Objectives: To assess responsiveness and minimally important change (MIC) for the Manchester-Oxford foot questionnaire (MOXFQ) using anchor and distribution-based approaches. Responsiveness and estimates of minimal clinically important difference (MCID) and minimal detectable change are compared with those from the Short-Form 36 (SF-36) and American Orthopaedic Foot & Ankle Society (AOFAS) measures.
Methods: A prospective observational study of 91 consecutive patients (125 foot operations) undergoing hallux valgus surgery at an orthopaedic hospital. Pre- and 12 month post-surgery, patients completed the MOXFQ and SF-36, and foot surgeons assessed all four AOFAS scores corresponding to four regions of the foot. Transition items were asked about perceived changes compared with before surgery.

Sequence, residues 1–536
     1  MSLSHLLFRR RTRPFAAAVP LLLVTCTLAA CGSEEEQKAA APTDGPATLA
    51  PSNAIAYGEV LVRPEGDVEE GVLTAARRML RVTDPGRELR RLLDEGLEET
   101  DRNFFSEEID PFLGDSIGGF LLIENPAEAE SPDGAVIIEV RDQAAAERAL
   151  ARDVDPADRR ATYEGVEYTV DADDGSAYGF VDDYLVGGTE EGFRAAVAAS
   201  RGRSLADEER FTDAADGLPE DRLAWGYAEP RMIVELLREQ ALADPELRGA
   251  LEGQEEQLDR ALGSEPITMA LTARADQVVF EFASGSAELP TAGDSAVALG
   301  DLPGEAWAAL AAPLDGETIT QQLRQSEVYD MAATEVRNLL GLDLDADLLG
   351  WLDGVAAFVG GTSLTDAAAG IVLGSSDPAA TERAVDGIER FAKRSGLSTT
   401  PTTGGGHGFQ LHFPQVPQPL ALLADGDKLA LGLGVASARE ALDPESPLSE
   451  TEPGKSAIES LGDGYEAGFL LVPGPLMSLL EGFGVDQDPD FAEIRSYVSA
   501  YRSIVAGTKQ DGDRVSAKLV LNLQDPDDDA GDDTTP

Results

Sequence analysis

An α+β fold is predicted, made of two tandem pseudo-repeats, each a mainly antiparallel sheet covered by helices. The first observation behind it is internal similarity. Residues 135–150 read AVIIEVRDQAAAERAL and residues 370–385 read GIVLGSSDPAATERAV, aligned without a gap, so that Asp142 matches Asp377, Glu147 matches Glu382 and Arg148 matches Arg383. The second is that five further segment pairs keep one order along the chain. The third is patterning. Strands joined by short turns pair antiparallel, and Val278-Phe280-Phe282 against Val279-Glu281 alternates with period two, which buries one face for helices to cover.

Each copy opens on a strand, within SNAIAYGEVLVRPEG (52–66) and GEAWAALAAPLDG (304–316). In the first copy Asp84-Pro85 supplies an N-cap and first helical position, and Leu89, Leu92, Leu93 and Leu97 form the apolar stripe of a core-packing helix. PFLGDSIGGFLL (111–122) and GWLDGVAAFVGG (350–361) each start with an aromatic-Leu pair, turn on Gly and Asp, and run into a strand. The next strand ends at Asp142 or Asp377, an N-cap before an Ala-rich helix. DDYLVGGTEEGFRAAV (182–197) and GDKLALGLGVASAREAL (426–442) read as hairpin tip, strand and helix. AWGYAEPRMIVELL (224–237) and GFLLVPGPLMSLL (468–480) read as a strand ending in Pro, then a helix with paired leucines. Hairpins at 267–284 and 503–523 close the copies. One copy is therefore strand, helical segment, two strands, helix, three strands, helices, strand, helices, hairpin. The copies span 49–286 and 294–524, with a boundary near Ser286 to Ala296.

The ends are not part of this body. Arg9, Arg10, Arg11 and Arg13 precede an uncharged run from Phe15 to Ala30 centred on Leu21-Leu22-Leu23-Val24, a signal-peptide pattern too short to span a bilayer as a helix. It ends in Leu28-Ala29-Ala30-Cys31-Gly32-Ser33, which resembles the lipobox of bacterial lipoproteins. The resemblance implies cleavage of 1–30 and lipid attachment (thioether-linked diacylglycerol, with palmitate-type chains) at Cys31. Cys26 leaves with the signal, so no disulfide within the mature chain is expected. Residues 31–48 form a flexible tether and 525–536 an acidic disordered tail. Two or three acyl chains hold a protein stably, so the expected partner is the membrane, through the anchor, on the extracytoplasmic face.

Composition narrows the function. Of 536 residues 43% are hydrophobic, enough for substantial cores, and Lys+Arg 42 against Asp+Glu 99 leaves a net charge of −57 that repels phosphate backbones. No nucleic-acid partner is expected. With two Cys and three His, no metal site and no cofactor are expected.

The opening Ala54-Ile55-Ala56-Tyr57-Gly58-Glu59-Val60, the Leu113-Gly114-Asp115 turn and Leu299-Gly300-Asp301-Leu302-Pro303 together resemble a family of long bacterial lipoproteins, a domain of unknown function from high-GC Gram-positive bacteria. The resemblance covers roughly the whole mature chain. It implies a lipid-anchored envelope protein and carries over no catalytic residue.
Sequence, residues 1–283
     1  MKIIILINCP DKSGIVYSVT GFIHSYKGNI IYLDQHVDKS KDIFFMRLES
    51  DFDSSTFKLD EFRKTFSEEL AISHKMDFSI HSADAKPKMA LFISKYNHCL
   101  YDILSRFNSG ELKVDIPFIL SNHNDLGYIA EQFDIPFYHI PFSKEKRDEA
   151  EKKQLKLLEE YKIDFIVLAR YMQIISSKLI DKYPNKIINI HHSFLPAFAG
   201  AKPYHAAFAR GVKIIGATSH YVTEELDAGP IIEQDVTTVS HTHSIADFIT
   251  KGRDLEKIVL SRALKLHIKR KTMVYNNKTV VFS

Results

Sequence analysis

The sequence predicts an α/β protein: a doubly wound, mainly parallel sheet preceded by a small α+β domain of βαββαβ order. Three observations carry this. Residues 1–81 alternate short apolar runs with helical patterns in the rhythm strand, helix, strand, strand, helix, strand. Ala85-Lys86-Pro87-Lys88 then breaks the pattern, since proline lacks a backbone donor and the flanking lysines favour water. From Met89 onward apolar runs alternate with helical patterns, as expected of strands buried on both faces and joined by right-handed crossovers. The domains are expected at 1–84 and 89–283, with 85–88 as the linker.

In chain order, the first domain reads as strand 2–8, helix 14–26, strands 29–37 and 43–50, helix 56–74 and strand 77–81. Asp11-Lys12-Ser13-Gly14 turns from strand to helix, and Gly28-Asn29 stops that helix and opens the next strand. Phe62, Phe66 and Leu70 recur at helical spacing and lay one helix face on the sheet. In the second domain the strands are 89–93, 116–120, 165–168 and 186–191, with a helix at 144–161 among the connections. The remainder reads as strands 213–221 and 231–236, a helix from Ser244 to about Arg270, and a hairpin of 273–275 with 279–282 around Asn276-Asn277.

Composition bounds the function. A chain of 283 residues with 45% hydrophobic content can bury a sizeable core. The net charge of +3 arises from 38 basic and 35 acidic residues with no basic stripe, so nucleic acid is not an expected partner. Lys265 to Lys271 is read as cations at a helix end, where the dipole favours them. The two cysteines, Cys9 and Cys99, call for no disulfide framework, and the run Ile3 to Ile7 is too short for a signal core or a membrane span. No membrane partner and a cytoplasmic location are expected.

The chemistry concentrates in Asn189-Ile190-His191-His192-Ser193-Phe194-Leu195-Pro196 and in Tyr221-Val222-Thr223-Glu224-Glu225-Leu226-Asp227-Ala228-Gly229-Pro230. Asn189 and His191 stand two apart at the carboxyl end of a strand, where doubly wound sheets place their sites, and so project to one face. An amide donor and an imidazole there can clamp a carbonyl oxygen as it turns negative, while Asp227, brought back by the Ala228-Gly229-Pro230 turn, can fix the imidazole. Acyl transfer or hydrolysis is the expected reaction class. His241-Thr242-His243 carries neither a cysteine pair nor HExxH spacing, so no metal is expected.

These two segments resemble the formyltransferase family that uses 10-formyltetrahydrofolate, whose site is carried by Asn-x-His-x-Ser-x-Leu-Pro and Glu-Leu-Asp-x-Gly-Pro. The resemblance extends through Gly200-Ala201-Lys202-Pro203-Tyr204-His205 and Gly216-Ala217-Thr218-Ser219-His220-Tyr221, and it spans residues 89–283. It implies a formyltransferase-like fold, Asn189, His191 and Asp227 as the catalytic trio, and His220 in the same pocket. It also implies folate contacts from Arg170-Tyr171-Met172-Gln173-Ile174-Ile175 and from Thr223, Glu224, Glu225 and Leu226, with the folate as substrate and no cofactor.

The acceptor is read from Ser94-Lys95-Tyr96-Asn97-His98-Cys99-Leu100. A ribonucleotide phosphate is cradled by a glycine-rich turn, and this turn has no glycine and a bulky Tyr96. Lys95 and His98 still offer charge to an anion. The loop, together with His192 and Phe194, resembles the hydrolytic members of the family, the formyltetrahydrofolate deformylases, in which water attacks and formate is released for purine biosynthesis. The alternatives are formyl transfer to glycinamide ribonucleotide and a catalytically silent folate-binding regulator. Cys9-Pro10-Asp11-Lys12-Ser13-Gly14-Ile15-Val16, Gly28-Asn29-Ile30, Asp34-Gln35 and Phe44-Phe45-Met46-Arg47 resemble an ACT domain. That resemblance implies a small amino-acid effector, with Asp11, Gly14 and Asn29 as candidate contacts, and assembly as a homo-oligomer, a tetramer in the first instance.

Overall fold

Results: Mean changes in all domains of each instrument were statistically significant, but foot-specific MOXFQ and AOFAS domains produced much larger effect sizes (>1) than any SF-36 domains, indicating superior responsiveness. Clear associations occurred between transition items and all MOXFQ and AOFAS scores, but with only one (physical function) SF-36 domain. Anchor and distribution-based approaches identified generally comparable measures of MIC, which for the MOXFQ and AOFAS domains were between 1 and 2 standard error of measurement. In metric terms, the MCIDs were 16, 12, and 24 for the MOXFQ Walking/standing, Pain, and Social Interaction domains, respectively.
Conclusions: For hallux valgus surgery, the MOXFQ is highly responsive. Performance is comparable to the AOFAS and notably better than the generic SF-36. Study estimates of MIC for the MOXFQ are useful to inform sample-size calculations for future clinical trials.